The New York Post will resume publication Monday, raising hopes for an early settlement of New York's 83-day newspayer strike. The afternoon tabloid closed voluntarily last Dec. 9 after a printer's strike closed down four other New York papers.

The Post's decision was interpreted in some quarters as a victory for the striking printers, since the resumption of printing by one paper may well cause four other publishers who closed voluntarily to reopen.

This in turn would force four papers closed by the strike to try to reach an early settlement with Local Six of the International Typographers Union. Bertram Powers, president of Local Six, stood beside the Post's publisher, Mrs. Dorothy Schiff, as she announced her decision yesterday.

Printers will return to the Post at pre-strike levels until a new contract is worked out. Powers had previously announced that he would send his typographers back to work on any of the nonstruck papers which agreed to reopen. The others are the Herald-Tribune, the Mirror, the Long Island Star-Journal, and the Long Island Press.

Although no other publishers announced plans to reopen, they left the door open. The Publishers Association of New York City issued a statement saying merely that Mrs. Schiff's decision "does not affect the firm determination of other publishers to press for a satisfactory settlement" with the ITU.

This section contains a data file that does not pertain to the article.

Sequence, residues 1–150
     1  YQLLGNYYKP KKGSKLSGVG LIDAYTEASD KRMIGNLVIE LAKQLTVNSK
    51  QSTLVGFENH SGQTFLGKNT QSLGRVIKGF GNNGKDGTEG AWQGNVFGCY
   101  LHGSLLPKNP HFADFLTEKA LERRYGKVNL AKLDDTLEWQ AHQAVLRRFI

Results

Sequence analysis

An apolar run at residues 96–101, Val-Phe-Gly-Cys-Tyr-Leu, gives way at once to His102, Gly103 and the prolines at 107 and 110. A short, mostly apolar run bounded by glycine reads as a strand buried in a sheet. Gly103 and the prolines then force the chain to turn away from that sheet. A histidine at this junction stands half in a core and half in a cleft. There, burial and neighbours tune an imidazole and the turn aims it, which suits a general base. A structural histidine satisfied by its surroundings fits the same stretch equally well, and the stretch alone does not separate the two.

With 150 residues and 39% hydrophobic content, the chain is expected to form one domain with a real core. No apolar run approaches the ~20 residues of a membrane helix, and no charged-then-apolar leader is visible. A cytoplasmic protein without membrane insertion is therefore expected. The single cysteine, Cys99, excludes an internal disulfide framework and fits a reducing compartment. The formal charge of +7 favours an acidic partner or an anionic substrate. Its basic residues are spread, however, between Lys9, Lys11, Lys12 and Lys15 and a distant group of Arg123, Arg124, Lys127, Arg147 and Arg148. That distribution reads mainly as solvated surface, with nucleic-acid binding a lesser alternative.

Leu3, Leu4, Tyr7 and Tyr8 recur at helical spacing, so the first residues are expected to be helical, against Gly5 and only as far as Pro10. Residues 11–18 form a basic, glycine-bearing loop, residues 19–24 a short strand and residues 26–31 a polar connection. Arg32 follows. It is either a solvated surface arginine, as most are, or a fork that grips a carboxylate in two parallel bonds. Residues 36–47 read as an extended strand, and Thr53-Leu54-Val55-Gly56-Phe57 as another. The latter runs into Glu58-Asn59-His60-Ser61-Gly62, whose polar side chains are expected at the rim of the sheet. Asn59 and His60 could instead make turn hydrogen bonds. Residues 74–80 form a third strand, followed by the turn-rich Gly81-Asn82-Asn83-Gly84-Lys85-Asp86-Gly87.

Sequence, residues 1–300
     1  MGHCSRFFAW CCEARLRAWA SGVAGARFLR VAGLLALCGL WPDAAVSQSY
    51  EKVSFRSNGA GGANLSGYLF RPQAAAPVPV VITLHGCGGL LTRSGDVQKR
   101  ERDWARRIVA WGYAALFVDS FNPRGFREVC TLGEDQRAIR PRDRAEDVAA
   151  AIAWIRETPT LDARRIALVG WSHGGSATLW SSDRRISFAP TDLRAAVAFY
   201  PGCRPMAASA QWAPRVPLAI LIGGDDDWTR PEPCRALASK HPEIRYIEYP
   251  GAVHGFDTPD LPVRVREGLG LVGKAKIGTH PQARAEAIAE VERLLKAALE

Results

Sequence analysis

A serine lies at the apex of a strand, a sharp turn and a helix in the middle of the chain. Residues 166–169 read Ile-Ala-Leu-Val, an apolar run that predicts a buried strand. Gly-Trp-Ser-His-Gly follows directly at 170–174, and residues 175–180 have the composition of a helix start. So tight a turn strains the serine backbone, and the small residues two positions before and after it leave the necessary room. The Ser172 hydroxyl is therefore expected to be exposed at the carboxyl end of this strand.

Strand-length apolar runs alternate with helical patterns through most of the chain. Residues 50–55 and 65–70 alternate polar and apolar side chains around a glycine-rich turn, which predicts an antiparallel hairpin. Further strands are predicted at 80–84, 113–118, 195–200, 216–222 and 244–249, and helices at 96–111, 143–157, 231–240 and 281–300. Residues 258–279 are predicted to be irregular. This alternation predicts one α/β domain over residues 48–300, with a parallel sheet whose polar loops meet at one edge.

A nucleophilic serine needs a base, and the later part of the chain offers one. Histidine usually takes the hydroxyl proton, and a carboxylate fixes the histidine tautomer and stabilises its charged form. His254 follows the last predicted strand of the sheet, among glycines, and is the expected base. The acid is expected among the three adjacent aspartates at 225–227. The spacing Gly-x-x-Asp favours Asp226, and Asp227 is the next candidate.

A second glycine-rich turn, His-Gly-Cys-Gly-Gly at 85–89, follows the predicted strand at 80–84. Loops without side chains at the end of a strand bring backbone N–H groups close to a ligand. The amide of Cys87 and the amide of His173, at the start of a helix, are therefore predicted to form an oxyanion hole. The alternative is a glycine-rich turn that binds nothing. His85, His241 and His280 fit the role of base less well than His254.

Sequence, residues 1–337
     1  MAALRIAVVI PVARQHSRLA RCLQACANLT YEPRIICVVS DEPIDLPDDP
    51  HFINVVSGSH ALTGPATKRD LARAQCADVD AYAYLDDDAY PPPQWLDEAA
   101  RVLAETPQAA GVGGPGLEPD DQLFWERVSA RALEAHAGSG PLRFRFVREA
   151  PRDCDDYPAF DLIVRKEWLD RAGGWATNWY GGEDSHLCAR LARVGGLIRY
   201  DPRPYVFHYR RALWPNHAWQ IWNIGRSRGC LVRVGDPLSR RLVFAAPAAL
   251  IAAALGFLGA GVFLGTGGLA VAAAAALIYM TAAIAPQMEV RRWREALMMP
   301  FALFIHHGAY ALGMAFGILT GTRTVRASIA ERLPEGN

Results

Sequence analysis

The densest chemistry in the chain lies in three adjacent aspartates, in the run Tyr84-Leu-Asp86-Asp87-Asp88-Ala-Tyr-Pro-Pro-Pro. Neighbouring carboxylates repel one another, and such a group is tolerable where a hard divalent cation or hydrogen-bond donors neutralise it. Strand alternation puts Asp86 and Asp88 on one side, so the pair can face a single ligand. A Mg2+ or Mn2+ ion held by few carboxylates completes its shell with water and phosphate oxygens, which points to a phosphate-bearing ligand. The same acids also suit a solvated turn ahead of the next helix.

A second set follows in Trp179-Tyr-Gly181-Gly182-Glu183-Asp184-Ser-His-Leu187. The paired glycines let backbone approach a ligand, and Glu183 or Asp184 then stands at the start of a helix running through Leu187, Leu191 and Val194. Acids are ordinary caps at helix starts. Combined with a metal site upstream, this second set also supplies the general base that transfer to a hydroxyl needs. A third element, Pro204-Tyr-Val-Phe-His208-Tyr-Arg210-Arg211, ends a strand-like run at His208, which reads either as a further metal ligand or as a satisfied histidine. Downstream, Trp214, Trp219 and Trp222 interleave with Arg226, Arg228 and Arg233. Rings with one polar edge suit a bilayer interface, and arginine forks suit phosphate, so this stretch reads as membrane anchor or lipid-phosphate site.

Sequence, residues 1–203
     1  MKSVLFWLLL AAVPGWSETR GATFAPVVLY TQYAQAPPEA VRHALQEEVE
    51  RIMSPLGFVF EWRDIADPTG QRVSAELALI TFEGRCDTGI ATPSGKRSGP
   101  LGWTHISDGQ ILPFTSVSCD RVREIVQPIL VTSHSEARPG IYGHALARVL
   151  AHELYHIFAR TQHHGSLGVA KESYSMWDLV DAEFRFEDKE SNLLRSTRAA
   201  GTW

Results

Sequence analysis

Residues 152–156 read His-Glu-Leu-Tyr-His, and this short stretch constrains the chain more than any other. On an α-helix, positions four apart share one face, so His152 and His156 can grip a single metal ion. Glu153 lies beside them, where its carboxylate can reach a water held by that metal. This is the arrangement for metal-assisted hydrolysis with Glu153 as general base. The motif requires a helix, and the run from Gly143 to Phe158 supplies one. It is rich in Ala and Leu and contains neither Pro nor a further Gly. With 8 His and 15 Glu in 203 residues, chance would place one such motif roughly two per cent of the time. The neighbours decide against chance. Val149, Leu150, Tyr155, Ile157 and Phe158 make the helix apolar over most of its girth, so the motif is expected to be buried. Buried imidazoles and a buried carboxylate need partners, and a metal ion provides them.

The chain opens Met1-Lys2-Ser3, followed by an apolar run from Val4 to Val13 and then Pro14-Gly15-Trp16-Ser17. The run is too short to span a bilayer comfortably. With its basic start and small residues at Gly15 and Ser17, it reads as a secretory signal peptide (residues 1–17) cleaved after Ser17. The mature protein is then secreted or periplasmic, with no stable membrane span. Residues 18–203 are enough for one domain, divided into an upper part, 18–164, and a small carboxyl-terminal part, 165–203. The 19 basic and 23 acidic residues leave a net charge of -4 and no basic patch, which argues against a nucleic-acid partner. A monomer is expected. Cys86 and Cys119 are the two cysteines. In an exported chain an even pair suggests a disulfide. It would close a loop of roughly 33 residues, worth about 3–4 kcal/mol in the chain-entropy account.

Mrs. Schiff's statement gave no reason for the resumption of publication, but officials of other New York papers said last night that the Post's financial difficulties were largely responsible.

"She's been paying the Post's losses out of her own pocket for years," one New York newspaperman told the CRIMSON, "and I guess she just couldn't afford to go on paying out salaries while not making any money."

Mrs. Shiff herself said at the beginning of the strike that a prolonged walkout might be disastrous for her paper. This week's issue of Time said that the strike "threatened the continued existence" of the "financially shaky" tabloid.

But the Post's economic troubles are over, at least for the duration of the strike. The paper's two afternoon rivals, the World-Telegram and Sun and the Journal-American were closed down by the walkout, along with the morning Times and Daily News.

Before the strike the Post had a circulation of 335,859, third among New York afternoon papers behind the World-Telegram and the Journal-American.

Mrs. Schiff's decision to reopen came after Mayor Robert Wagner canceled his plans to offer a solution to the strike and called another negotiating session for Friday. He said that both sides had asked for renewed negotiations and said the talks offered "some glimmer of hope."